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July 20th, 2005
Buckles and huckleberries / someone's else?
by Barbara Wallraff
Vickie Dickieson, of Northville, Mich., writes: “In a 1981 cookbook, I ran across a recipe for ‘blueberry buckle.’ I have tried to find a reference to ‘buckle’ as a food, but without success. When I mentioned this to my husband, he repeated an old rhyme that goes like this: ‘H you huckle, B you buckle, H you huckle high. H you huckle, B you buckle, Huckleberry Pie.’”
Dear Vickie: Good job -- you’ve found a word that isn’t in the Oxford English Dictionary, the world’s largest source of English words and their definitions. The OED includes “buckle” meaning the fastener on a shoe, belt or seatbelt, of course -- but not “buckle” meaning something to eat.
The food “buckle” does appear, however, in the current edition of Merriam-Webster’s Collegiate Dictionary. The Collegiate treats the name of the food (which it defines as “a coffee cake baked with berries and a crumbly topping”) as related to “buckle” meaning “a product of buckling: bend, fold” and dates this word back to 1876. The Dictionary of American Regional English also includes “buckle” in the food sense and gives a similar definition. Its earliest citation is from a 1959 cookbook.
As for that rhyme -- is your husband or his family from Virginia? A page on the Web site of a woman named Brenda Buttery Nichols, who grew up in Virginia, includes the following among rhymes that she “used to hear as a child.” “Here is how to spell ‘Huckleberry Pie’: H - U huckle, B - U buckle, C - U cuckle, Y. / H - U huckle, B - U buckle, B - U berry pie.” Another Web page -- one devoted to Virginia folklore -- includes a similar rhyme from a man named Mike Miller, who also says the rhyme was intended to teach children how to spell “huckleberry pie.”
I don’t get it -- at least, “hubucuyhubububerry pie” doesn’t look right to me -- but never mind that. The Dictionary of American Regional English says that people in some parts of the country call a blueberry a “huckleberry.” That seems to be another red herring, though. Your husband’s “buckle” is evidently an even more unusual “buckle” than yours.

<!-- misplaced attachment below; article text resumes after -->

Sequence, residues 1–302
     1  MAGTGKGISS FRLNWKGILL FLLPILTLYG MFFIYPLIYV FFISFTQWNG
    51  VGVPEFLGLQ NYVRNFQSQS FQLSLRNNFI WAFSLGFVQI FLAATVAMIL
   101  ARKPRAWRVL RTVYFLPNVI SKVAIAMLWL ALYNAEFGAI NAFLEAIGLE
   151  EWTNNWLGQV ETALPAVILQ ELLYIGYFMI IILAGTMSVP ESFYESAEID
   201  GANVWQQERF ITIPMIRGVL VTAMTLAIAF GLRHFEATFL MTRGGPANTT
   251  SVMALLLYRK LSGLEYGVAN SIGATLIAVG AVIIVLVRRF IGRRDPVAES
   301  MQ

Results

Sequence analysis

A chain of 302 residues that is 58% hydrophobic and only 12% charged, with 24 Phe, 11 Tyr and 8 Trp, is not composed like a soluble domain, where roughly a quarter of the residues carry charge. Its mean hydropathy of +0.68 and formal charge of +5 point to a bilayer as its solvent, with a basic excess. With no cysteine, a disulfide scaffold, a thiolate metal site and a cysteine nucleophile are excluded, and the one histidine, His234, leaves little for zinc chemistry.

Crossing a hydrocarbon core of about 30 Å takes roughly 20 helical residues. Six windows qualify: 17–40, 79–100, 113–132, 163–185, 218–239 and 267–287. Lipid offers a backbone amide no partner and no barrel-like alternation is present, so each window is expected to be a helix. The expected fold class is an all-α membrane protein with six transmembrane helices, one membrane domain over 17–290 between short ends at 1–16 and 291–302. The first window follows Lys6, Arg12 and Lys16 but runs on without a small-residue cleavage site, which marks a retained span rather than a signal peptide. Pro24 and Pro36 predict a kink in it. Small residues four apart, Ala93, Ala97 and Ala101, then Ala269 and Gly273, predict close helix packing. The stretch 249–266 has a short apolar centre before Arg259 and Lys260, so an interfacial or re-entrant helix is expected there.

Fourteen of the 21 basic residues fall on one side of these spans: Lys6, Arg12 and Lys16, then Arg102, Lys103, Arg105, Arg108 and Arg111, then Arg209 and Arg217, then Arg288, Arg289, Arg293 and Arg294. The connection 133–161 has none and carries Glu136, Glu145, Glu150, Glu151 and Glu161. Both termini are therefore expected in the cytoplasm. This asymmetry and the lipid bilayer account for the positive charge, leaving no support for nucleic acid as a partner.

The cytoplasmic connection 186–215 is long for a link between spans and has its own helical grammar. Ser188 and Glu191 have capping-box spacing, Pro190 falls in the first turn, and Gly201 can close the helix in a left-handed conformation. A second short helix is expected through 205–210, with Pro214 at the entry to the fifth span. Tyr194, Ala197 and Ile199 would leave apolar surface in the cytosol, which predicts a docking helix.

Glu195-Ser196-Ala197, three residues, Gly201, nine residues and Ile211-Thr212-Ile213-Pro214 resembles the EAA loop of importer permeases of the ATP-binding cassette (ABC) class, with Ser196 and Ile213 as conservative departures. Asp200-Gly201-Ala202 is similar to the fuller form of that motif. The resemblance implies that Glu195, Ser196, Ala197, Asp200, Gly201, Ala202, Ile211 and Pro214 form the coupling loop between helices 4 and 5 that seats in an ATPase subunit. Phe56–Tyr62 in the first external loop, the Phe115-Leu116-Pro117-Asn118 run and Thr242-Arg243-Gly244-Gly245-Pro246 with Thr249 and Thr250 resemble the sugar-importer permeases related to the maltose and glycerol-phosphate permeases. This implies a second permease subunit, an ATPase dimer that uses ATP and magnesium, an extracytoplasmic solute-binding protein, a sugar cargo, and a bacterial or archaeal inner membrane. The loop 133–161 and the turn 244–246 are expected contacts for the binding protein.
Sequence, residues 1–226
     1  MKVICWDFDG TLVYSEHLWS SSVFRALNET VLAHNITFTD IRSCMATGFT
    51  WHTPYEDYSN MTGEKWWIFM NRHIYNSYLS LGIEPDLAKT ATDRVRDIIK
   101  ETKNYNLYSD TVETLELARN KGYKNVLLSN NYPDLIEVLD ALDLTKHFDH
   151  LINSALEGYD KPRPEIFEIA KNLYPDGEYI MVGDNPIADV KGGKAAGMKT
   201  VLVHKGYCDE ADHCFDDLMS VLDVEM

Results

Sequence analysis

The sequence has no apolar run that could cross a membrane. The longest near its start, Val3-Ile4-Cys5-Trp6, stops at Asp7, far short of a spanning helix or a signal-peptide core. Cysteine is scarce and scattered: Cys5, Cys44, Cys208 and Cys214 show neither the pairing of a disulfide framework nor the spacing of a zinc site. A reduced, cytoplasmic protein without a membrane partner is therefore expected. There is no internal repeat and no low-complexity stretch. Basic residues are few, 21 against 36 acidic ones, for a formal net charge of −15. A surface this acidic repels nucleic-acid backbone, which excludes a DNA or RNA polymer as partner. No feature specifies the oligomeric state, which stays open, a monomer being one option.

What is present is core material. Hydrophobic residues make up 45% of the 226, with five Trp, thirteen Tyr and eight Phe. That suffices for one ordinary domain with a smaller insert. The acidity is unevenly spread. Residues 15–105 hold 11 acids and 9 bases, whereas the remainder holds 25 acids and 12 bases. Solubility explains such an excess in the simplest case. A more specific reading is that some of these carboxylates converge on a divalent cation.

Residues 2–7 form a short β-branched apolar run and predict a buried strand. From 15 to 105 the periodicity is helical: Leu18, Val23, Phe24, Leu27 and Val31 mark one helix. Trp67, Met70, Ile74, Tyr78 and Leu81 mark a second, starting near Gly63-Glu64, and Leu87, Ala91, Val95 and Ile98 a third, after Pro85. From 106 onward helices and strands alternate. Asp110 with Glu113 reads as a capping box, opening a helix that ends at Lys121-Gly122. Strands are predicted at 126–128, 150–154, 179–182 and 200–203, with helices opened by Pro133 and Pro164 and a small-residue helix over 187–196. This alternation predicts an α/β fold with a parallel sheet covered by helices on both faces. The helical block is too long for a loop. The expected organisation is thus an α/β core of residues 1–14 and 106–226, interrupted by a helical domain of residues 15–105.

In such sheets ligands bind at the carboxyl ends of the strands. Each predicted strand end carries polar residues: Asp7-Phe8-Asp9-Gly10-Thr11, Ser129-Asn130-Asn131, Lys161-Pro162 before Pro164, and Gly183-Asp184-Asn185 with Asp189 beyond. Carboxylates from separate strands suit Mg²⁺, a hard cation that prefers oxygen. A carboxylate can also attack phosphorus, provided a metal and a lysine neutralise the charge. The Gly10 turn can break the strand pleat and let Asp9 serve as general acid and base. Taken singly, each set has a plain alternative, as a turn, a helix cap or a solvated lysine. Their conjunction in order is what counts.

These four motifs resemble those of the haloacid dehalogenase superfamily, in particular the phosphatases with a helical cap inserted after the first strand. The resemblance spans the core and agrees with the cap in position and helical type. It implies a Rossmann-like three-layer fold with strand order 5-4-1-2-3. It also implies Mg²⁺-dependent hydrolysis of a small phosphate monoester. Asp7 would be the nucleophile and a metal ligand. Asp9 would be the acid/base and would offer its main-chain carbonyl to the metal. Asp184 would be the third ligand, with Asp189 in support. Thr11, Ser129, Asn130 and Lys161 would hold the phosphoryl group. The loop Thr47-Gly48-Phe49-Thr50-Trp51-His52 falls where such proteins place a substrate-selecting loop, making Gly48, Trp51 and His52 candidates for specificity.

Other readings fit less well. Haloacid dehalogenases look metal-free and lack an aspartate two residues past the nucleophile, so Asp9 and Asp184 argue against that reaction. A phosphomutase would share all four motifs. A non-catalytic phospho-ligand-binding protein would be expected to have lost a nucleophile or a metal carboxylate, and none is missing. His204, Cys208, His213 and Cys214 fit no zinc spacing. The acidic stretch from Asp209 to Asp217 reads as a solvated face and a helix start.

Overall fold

Barbara F. Burr, of Yarmouth, Maine, writes: “The word ‘else’ never takes an ‘s.’ Therefore ‘someone else’s’ becomes ‘someone’s else’! Think about it.”
Dear Barbara: You’re right that “else” wouldn’t take an “s” (or, to be literal, an apostrophe and “s”) if it stood alone. But when would it stand by itself? “Else” is an adjective, and if it’s going to be useful, it needs a noun or pronoun to modify. It’s an unusual kind of adjective in English because it comes directly after the word it modifies. Most adjectives either come before the word they’re modifying or come after the verb. For instance, the adjective “mysterious” might appear in a phrase like “a mysterious someone” or in a clause like “someone is being mysterious.”
You would, of course, say “a mysterious someone’s secret.” But when you want to turn “someone else” into a possessive, the apostrophe and “s” need to come at the end of the phrase: “someone else’s.” The one partial exception is with “who.” Both “who else’s” and “whose else” are considered good English.
© Copyright 2003 by Barbara Wallraff. Reprints require prior permission. All rights reserved.
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